Looming merger creates uncertainty for Rutgers-Camden recruiting

Rowan's teams, including the baseball squad with Jon Hydock, may get a lift from the proposed merger. The opposite appears true at Rutgers-Camden.
Rowan's teams, including the baseball squad with Jon Hydock, may get a lift from the proposed merger. The opposite appears true at Rutgers-Camden. (ED HILLE / Staff Photographer)
Posted: March 09, 2012

There are many things Division III college coaches can't promise recruits: scholarship money, playing time, big crowds, and major media exposure.

John Wink, Jason Curbison, and the rest of the coaches at Rutgers-Camden understand that.

What's tricky for the Scarlet Raptors coaches these dizzying days is that they are trying to persuade high school athletes to play for Rutgers-Camden when there might not be a Rutgers-Camden.

"There's so much uncertainty," Wink, the school's baseball coach, said of the proposed merger between Rutgers-Camden and Rowan. "It's out there. It's on a lot of people's minds. But nobody can say for sure what's going to happen."

Gov. Christie announced a plan in January to merge Rutgers-Camden and Rowan to form a large, research-based institution under the Rowan name.

Details of the merger, including its impact on the athletic programs at the schools, have not been announced.

While there has been a storm of protest from the Rutgers-Camden campus - where signs that read "Bleed Scarlet Pride" and "Keep Rutgers in Camden" fill the windows of the athletic and fitness center off Third Street - coaches at both schools aren't sure what to tell potential recruits.

Rowan men's basketball coach Joe Cassidy said merger talk has been "a positive" for his program.

"If anything, people think the possible merger could make Rowan bigger and better," Cassidy said. "It's been a good thing for us."

The opposite seems to be true for Rutgers-Camden, although Wink, Curbison, and many other school officials believe that there's a strong chance the merger will not happen or that the nature of the alliance will allow the Camden school to maintain its identity - and its athletic program.

"It might have hurt us a little bit just because nobody seems to know what's going to happen," said Curbison, the men's basketball coach. "I've fielded a few questions: 'Is my son going to have that Rutgers degree?' "

Coaches on the Camden campus say there is one big reason for their ability to attract recruits to the small, urban campus in the shadow of the Ben Franklin Bridge.

Rutgers-Camden is largely a commuter school, although more students have begun to live on or just-off campus in recent years. It's been the Rutgers' name and the value of a Rutgers' degree that has attracted recruits, according to the coaches.

"That's a huge part of it," Wink said. "For people who live in South Jersey, who have friends and family members from this area, they know the kind of education they will receive on this campus.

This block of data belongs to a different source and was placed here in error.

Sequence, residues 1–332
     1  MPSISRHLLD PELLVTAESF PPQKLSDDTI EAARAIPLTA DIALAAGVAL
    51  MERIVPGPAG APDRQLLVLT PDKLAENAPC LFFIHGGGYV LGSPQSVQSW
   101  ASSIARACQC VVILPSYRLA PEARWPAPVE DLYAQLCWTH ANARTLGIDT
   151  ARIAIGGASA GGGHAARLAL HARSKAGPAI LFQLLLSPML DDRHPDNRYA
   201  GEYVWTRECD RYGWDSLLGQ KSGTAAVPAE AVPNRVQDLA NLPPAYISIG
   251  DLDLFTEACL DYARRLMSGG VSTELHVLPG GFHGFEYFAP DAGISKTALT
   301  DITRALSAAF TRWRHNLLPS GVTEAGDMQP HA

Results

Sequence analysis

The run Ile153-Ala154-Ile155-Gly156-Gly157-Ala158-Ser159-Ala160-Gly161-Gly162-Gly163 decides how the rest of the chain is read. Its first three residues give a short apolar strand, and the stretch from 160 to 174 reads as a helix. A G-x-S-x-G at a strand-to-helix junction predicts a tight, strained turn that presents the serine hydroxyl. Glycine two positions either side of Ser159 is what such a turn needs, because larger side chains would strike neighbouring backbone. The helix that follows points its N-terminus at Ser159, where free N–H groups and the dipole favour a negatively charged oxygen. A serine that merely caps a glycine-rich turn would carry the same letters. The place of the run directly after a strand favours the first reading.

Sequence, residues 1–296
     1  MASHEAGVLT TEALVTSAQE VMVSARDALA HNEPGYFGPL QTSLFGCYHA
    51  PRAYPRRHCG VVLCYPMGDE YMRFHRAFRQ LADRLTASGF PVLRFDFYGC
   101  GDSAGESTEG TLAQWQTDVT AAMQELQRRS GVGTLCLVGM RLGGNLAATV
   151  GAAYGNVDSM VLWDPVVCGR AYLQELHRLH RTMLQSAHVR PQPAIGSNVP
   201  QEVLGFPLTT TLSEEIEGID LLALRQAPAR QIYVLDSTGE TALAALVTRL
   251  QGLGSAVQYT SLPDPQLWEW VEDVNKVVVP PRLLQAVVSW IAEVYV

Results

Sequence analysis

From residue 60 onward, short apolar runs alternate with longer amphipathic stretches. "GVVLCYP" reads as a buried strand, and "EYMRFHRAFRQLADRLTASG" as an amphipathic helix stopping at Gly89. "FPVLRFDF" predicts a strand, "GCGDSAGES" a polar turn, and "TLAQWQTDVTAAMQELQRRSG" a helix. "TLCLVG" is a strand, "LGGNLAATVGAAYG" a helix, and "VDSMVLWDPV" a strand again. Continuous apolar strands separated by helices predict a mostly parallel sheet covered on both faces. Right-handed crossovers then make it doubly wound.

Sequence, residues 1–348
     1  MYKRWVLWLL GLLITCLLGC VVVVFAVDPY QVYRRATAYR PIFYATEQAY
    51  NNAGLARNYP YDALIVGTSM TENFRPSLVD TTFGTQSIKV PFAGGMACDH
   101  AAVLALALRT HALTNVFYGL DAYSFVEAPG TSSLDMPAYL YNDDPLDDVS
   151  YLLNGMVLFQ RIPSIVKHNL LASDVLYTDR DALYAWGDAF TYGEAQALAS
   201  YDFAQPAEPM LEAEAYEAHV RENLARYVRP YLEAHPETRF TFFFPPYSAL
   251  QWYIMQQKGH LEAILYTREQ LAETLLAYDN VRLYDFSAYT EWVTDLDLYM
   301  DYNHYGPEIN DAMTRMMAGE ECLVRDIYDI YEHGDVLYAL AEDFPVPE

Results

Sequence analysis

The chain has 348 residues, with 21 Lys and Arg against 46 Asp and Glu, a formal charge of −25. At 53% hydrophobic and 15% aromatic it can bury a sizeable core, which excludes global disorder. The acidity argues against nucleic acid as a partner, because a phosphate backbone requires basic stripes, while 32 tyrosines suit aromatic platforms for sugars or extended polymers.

"There's no way to overstate what that degree does and can do for these young people in the next phase of their lives. It's a huge plus for us."

Rutgers-Camden freshman baseball pitcher Ed King, a graduate of Holy Cross High School in Delran, said the Rutgers name and reputation were what attracted him to the school.

"I wouldn't have come here if it was Rowan," King said. "I probably would have gone to West Chester. It's a tough situation because we're recruiting all these guys and Rowan is recruiting all these guys, and if the schools merge, what happens to all of them?"

Division III recruiting is different from the process at Division I or Division II programs, which can offer scholarship money. Coaches at Division III schools usually have to wait until athletes exhaust every opportunity to earn scholarship money from the bigger schools.

So it's not unusual for coaches at Rutgers-Camden, Rowan, and other Division III programs to be uncertain of their recruiting classes well into the spring, and even into the summer.

And that's under normal circumstances. With speculation of the merger hanging over both campuses, these are far from normal circumstances, especially in Camden.

"This is the business we're in," Curbison said. "There's always a lot of uncertainty. But the thing about this situation is that nobody seems to know anything for sure, so that really makes it tough."

Rutgers Camden-Rowan merger scenarios

Merger Scenarios

Gov. Christie in January announced plans to merge Rutgers-Camden and Rowan under the Rowan name.

While the merger is far from a done deal, there are three possible scenarios with regard to the athletic programs at Rutgers-Camden and Rowan:

The merger follows the blueprint laid out by Christie and Rowan's athletic program: Rowan absorbs Rutgers-Camden's athletic program. The Profs remain a Division III athletic program in the New Jersey Athletic Conference (NJAC).

The merger is the same, and Rowan's athletic program absorbs Rutgers-Camden's athletic program. But to raise the visibility of what officials hope will be an internationally known research university, Rowan embarks on a timely and costly process of moving up to the Division I (scholarship) level for sports.

The merger either doesn't happen or turns out to be a loose alliance, allowing Rutgers-Camden to maintain its identity as well as its athletic programs. Both the Scarlet Raptors and the Profs remain Division III programs in the NJAC.

- Phil Anastasia

Contact staff writer Phil Anastasia at 856-779-3223, panastasia@phillynews.com, or on Twitter @philAnastasia. Read his blog, "Jersey Side Sports," at www.philly.com/jerseysidesports


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